By Ali Smart
The Minister of Power and Works, Babatunde Fashola, has impressed it on the National Pension Commission (PenCom) to invest the over N5 trillion pension fund in roads that can be tolled, housing, 4th Mainland Bridge, Coastal Road linking several coastal states from Lagos to Bayelsa and the new seaport in Lekki and Badagry.
Fashola made this call while delivering a Keynote Speech at the Nigerian Pension Industry Strategy Implementation Roadmap Retreat of the National Pension Commission (PenCom) and Pension operators held over the weekend in Abuja.
The Minister said he sees a future for Africa, led by Nigeria, using the resources of the people to build a future that includes the people.
He however noted that the risks that stand in the way of the pension managers in investing the fund without any hitch are caused by some business men who for selfish reasons ensure that projects and contracts are tied down in courts.
He identified five areas including politics, governmental action, socio-cultural, legal, and judicial as areas that need to be readdressed to assure investors of low induced risks.
He stated that while the journey of a new pension system started with the coming together of some Nigerian minds like President Olusegun Obasanjo and Fola Adeola and has been nurtured by the dedicated hands of men and women who have served in the pension commission, who are represented by the current Director- General, Mrs Chinelo Amazu- Anohu, it has reached a major milestone from where it must reinvigorate itself.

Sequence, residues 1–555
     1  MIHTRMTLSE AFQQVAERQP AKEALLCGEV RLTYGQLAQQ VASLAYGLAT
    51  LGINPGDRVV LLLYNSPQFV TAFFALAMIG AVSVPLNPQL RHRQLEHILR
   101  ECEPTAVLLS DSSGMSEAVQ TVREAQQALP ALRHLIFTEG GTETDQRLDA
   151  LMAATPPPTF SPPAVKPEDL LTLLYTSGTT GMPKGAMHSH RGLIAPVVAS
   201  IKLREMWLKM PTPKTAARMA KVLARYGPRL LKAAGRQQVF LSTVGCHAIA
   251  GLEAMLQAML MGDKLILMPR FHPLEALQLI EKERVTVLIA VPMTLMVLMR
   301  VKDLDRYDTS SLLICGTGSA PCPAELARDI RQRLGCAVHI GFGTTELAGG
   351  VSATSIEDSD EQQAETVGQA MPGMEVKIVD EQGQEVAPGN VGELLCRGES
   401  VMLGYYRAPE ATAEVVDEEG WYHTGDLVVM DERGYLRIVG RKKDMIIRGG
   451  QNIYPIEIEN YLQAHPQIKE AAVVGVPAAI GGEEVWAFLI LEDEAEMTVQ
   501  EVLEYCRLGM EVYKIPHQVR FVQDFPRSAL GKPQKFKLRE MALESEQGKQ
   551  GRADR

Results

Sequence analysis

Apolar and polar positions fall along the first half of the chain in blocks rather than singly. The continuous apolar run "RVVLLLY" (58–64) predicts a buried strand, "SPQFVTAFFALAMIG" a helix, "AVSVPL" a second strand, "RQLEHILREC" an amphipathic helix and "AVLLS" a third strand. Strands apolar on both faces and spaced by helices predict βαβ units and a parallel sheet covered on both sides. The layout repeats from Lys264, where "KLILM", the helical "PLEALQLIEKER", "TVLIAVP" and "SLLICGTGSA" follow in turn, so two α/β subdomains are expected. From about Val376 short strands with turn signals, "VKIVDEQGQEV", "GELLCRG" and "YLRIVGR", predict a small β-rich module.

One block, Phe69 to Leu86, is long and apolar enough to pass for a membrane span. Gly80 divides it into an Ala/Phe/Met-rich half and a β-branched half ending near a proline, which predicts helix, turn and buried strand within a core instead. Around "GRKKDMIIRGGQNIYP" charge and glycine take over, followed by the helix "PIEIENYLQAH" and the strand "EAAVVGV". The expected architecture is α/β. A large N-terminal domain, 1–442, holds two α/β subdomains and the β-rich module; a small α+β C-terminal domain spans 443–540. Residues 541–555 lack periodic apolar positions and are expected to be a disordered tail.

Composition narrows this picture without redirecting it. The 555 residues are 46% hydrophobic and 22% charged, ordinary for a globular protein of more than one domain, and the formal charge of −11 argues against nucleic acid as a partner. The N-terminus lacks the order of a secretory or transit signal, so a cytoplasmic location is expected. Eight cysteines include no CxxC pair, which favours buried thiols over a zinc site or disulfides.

“This is the time to show that our nation and our national economy is bigger than the challenges posed by the dwindling oil prices. This is the time to diversify and change the face of our economy once and for all. But the risks that stand in the way of investing the fund are caused by us and they must be changed by us to mention a few,” he said.
Africa, Fashola said, has infrastructure deficit, as there’s no country to country rail service across most parts just as the highways that connect most of the countries such as in the ECOWAS region are in very poor shape.
Citing an online publication, which estimated that sub-Saharan Africa’s 10 largest pension fund markets had approximately $310 billion in assets recently, he regretted that these funds are not serving the real sector of roads, bridges, hospitals, rails, airports, etc.
“There is a palpably visible poverty in most of these countries, some of who gathered to seek funding support in South Africa recently at the instance of the Chinese Government who offered funding support (loans) of $20 billion for all of Africa, when 10 (ten) pension funds had $310b to invest. Many of these countries are scurrying after multilateral agencies looking either for aid or loans, while sitting literally on a pot of money,” he said.
Waxing philosophical, he said: “If Africa is poor today it is not because of a lack of resources; rather it is likely a poverty of ideas or the abundance of risk elevating attitudes, some of which I have alluded to, such as judicial and political, and these must change.”
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